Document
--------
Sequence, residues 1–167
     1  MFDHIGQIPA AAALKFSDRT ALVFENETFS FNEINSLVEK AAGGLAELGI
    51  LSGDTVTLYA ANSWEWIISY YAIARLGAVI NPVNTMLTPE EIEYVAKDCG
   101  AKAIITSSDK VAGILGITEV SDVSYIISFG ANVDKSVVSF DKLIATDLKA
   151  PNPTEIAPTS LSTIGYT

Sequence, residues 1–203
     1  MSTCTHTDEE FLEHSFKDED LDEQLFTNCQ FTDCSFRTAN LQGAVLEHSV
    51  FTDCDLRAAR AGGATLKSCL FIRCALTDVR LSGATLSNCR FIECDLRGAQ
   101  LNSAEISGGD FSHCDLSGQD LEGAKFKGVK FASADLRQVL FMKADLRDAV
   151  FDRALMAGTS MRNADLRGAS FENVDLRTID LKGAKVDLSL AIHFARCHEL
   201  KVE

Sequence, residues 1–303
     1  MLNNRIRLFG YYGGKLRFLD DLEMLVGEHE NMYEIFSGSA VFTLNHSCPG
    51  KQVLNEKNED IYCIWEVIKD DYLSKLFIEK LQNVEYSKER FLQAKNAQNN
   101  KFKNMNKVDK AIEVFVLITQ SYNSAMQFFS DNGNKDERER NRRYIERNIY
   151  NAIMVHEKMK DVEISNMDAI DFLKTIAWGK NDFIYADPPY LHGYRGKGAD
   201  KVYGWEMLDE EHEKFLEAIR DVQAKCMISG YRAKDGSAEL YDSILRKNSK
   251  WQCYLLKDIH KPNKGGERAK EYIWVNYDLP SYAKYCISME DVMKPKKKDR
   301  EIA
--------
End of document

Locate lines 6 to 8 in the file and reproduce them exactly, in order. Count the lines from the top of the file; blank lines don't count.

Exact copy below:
Sequence, residues 1–203
     1  MSTCTHTDEE FLEHSFKDED LDEQLFTNCQ FTDCSFRTAN LQGAVLEHSV
    51  FTDCDLRAAR AGGATLKSCL FIRCALTDVR LSGATLSNCR FIECDLRGAQ